Center a rack in the oven and preheat the oven to 350 degrees F. Line a baking sheet with a silicone baking mat or parchment, or find a Dutch oven with a diameter that's just a tiny bit larger than your pumpkin. If you bake the pumpkin in a casserole, it will keep its shape, but it might stick to the casserole, so you'll have to serve it from the pot — which is an appealingly homey way to serve it. If you bake it on a baking sheet, you can present it freestanding, but maneuvering a heavy stuffed pumpkin with a softened shell isn't so easy. However, since I love the way the unencumbered pumpkin looks in the center of the table, I've always taken my chances with the baked-on-a-sheet method, and so far, I've been lucky.
Using a very sturdy knife — and caution — cut a cap out of the top of the pumpkin (think Halloween jack-o'-lantern). It's easiest to work your knife around the top of the pumpkin at a 45-degree angle. You want to cut off enough of the top to make it easy for you to work inside the pumpkin. Clear away the seeds and strings from the cap and from inside the pumpkin. Season the inside of the pumpkin generously with salt and pepper, and put it on the baking sheet or in the pot. Toss the bread, cheese, garlic, bacon, and herbs together in a bowl. Season with pepper — you probably have enough salt from the bacon and cheese, but taste to be sure — and pack the mix into the pumpkin. The pumpkin should be well filled — you might have a little too much filling, or you might need to add to it. Stir the cream with the nutmeg and some salt and pepper and pour it into the pumpkin. Again, you might have too much or too little — you don't want the ingredients to swim in cream, but you do want them nicely moistened. (But it's hard to go wrong here.)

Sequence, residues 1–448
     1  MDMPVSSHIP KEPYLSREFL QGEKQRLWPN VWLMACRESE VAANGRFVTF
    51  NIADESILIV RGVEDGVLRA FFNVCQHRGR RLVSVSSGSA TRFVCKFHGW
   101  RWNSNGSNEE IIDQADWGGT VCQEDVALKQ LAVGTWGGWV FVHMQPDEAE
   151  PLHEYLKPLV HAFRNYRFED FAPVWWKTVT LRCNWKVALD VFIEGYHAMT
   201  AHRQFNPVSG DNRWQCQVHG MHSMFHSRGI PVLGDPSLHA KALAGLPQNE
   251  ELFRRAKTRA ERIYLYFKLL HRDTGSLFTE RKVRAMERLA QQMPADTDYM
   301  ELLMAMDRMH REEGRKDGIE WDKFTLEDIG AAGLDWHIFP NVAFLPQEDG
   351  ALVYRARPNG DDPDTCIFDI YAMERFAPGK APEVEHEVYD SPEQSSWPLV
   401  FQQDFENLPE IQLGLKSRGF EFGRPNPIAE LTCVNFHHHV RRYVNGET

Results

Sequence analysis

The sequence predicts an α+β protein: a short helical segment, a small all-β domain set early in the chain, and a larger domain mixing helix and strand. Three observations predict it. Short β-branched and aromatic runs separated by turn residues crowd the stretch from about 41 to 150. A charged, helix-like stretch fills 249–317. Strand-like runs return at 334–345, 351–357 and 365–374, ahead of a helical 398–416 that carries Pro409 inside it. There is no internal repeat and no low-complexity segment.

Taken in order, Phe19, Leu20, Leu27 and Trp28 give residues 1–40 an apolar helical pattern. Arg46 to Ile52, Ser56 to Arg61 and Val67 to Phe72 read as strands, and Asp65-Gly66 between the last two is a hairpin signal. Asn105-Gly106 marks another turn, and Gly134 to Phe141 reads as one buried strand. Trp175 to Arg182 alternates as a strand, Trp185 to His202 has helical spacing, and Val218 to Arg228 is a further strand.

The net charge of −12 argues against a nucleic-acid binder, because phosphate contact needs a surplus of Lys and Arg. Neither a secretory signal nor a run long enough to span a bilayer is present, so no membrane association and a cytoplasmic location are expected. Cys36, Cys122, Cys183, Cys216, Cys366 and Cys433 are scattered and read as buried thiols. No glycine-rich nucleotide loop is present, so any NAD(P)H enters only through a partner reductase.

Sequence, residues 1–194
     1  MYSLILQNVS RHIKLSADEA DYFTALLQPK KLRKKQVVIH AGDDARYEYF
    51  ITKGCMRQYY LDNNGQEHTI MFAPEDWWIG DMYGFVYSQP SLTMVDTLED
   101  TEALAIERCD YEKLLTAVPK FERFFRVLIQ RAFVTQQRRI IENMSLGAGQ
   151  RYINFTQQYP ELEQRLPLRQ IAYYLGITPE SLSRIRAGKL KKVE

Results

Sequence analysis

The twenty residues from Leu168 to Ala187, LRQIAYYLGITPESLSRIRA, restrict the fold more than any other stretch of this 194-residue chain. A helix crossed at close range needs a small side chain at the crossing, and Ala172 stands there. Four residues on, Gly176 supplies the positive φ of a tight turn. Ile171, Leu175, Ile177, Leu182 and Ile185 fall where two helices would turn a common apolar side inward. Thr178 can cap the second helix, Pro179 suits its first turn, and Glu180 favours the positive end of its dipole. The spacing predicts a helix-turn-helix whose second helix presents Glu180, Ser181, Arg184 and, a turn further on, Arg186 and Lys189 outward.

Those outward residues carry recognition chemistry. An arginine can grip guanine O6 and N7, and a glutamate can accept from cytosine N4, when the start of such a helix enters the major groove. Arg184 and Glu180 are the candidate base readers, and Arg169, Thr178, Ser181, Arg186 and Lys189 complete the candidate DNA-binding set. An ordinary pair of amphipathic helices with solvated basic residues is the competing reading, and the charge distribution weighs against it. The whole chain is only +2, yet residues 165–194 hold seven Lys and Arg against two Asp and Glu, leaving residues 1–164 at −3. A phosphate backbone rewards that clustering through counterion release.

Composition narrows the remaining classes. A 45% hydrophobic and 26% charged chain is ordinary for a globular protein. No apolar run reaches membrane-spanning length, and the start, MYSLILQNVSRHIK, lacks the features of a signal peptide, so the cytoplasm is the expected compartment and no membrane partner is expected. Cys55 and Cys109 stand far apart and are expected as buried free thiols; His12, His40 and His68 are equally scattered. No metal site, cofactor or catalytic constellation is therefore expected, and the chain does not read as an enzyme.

Put the cap in place and bake the pumpkin for about 2 hours — check after 90 minutes — or until everything inside the pumpkin is bubbling and the flesh of the pumpkin is tender enough to be pierced easily with the tip of a knife. Because the pumpkin will have exuded liquid, I like to remove the cap during the last 20 minutes or so, so that the liquid can bake away and the top of the stuffing can brown a little.
When the pumpkin is ready, carefully, very carefully — it's heavy, hot, and wobbly — bring it to the table or transfer it to a platter that you'll bring to the table.
You have choices: you can cut wedges of the pumpkin and filling; you can spoon out portions of the filling, making sure to get a generous amount of pumpkin into the spoonful; or you can dig into the pumpkin with a big spoon, pull the pumpkin meat into the filling, and then mix everything up. I'm a fan of the pull-and-mix option. Served in hearty portions followed by a salad, the pumpkin is a perfect cold-weather main course; served in generous spoonfuls or wedges, it's just right alongside the Thanksgiving turkey.
It's really best to eat this as soon as it's ready. However, if you've got leftovers, you can scoop them out of the pumpkin, mix them up, cover, and chill them; reheat them the next day.
This one is going on the Thanksgiving table and I bet that no one will want to box it up and send it to the starving Chinese children.